Wood  Shingles

I wanted  wood shake shingle for my buildings, but have never found what I was looking for in premade forms.  Usually they come in premade all the same color/peel-n-stick/never enough  sheets. They didn't look real enough for me.  Browsing the local home improvement mega store I saw this product.  I was available in Oak or Birch.  Birch is too hard and smooth to take the stains readily and did not have the rough cut shake look I wanted.  The Oak fit the task best.  After trying different method the  below is what I found works for me.  These technique is used on my ON30 layout and the size of the veneer may not lend itself to the HO scale.

The veneer comes in rolls with a hot glue on one side.  I started with wood glue at first, which then took too long to dry and the shingles moved around if I did not let them set up.  I have a heat gun, not a hair drier, which gets hot enough to cause the veneer to burn if you heat it too long.  I use modeling tweezers, hold the venner for just a few seconds in the heat stream and the glue melts enough to them place it where you want it to go.  Press in down and the shingles are permanently "nailed" down.

I started cutting them with scissors - no good.  Tried the handy wood cutter by NWSL - no good. Tried the X-acto blade - better, but too smooth an edge.  I mark on my cutting area two lines the length I want the shingles to be, lay the veneer upside down(glue up), place the X-acto tool on the veneer and rip upwards on the veneer and tear the shingle. This gives a ragged edge and the shake shingle look.

Now if you want to, and this takes a long time, cut individual shingles in varying widths and then place each one on. Great for small areas and the ends of roofs and such.  If you need a lot of shingles I use the veneer cut to width and cut 3-4 notches  to simulate individual shingles.  This makes the application goes faster.  Vary the width of the cuts and the look of the shingles is improved.  Draw lines on your roof base or if you use individual boards, make sure they are straight.  If you want to cover the shingles joint below each row, your choice.  I just put the shingles on, and because of the varied widths of cuts, they seem to cover the joints and look good after all is done.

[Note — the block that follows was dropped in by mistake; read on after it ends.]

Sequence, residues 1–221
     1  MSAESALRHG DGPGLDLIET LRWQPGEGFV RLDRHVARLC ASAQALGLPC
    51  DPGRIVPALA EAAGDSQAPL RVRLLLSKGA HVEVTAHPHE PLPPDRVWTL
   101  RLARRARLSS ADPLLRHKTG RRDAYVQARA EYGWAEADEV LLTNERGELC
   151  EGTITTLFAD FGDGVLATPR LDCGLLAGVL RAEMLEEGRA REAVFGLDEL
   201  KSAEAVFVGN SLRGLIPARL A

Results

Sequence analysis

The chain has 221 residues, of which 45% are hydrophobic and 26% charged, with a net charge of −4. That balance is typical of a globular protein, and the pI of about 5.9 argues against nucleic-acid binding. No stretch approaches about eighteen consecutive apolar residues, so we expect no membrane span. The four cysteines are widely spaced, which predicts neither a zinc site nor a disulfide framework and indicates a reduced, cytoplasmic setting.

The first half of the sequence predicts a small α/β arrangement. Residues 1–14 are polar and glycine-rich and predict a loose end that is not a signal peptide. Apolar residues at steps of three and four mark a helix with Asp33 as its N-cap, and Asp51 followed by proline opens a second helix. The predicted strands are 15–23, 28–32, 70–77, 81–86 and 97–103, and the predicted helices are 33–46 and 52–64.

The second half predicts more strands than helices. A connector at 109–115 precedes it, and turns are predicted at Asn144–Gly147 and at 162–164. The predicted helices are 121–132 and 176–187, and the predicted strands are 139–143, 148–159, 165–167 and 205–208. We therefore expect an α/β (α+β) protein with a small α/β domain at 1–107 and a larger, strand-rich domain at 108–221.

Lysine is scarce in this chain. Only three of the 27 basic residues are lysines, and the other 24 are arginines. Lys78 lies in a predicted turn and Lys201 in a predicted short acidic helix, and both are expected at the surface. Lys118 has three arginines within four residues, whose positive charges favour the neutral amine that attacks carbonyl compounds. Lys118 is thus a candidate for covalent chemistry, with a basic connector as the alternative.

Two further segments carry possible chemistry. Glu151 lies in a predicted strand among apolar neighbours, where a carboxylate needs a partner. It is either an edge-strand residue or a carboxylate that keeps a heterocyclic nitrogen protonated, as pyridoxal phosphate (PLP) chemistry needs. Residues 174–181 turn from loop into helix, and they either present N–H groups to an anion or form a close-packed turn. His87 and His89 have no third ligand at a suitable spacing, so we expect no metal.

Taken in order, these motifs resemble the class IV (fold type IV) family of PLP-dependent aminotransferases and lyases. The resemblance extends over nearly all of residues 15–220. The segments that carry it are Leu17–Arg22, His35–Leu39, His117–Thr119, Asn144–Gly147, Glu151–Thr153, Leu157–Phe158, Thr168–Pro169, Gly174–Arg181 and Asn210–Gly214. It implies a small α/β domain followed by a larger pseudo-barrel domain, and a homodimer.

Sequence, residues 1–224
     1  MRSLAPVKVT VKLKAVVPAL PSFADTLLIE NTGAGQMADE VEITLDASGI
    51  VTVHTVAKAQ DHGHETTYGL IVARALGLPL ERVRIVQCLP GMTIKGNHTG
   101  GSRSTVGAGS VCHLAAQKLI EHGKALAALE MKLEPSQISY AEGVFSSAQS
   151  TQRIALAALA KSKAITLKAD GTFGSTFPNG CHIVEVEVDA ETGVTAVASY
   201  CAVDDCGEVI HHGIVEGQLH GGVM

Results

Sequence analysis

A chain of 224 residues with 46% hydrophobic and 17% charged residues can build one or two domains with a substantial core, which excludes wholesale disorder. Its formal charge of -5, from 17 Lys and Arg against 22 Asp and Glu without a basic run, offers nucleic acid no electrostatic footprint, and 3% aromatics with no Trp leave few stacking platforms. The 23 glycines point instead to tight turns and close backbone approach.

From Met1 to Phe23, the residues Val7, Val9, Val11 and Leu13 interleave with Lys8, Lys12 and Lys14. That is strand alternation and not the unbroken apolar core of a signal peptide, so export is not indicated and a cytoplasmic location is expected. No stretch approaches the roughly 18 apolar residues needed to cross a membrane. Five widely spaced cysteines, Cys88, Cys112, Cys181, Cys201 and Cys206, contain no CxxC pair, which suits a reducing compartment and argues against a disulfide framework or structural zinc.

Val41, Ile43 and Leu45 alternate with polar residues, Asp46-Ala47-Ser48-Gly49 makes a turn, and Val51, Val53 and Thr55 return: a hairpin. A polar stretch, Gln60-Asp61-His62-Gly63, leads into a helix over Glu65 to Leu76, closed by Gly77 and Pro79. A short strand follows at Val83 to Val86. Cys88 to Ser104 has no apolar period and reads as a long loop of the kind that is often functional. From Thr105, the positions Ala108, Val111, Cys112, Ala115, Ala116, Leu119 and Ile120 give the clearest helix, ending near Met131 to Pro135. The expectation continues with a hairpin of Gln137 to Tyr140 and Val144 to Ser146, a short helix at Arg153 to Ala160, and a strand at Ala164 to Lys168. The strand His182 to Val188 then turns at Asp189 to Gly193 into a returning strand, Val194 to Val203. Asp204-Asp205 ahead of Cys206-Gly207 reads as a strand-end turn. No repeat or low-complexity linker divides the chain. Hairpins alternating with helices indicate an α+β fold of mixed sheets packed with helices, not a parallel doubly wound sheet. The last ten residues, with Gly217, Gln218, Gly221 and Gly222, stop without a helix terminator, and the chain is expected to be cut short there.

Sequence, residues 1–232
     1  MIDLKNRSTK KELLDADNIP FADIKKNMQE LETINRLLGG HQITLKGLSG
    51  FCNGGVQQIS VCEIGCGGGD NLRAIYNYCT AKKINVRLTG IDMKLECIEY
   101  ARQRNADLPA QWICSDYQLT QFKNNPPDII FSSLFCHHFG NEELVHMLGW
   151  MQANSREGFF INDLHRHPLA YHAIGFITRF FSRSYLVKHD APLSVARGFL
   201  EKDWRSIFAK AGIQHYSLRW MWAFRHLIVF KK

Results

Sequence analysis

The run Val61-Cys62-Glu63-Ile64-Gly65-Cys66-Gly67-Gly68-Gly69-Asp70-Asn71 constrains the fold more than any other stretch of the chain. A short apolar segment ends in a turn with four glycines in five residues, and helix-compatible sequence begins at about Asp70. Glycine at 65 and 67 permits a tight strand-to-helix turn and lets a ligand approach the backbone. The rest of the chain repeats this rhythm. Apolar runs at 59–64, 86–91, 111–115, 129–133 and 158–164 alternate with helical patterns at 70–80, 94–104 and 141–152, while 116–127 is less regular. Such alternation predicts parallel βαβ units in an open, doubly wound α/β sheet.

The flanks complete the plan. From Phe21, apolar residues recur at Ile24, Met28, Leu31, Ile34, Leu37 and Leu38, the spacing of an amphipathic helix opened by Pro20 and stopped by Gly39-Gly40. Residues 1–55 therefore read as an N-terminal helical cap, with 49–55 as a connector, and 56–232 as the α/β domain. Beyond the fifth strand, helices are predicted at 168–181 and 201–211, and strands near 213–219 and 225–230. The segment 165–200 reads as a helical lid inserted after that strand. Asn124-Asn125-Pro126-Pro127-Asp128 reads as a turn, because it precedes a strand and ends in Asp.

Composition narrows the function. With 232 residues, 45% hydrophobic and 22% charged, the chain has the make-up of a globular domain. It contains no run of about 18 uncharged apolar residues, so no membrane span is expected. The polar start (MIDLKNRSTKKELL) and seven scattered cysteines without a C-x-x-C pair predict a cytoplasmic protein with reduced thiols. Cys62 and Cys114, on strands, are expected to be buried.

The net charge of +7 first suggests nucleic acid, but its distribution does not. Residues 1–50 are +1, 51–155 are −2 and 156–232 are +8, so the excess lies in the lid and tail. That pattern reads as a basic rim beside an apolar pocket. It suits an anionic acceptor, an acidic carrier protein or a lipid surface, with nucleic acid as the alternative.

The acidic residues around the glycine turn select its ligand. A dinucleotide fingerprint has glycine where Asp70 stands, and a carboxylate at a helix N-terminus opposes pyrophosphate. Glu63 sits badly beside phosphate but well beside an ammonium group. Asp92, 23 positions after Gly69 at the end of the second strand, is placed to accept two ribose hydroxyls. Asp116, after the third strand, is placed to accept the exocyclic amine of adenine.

I stain the Oak veneer with Alcohol and Ink stain, I find a color I like and then go for it.  I put on a wash of brown shoe dye and alcohol first then go over it with a black dye A&I stain.    One tool I use constantly in all my modeling is an old hair dryer. I am always drying each piece of work before going on to the next item.

This is a lot of work and I take many coffee breaks in between, but the effort is worth it.


The product I found at the Home Improvement center as packaged  on the left.

Veneer unrolled with the glue backing showing up.


Don’t cut the veneer, but use the Xacto blade as a guide and rip the veneer upward to tear it into the desired size. Cutting it makes too straight of an edge and not a good looking rough cut shingle.

To make individual shingles now. Either cut each one off, which makes a lot of small shingles, or, cut notches in the torn pieces to get 3-4 shingles in a row. Vary the cuts for variety of look on the roof.  If you cut singles use them for the fill in areas. Cut the notches halfway up to the top of the shingle strip.


Shingles as cut and arranged before attaching to roof.


Shingles after gluing to roof stock. One can use chipboard or wood. Make sure you follow straight predrawn lines.  Aligning the shingles to cover the joints of the shingles below really does not matter unless you take your time. After they are applied and stained they appear to be aligned  correctly.


Shingles applied and stained on an outbuilding.



Shingles applied and stained on a Water Tank.  These were individually applied shingles and not the 3-4 cut strips.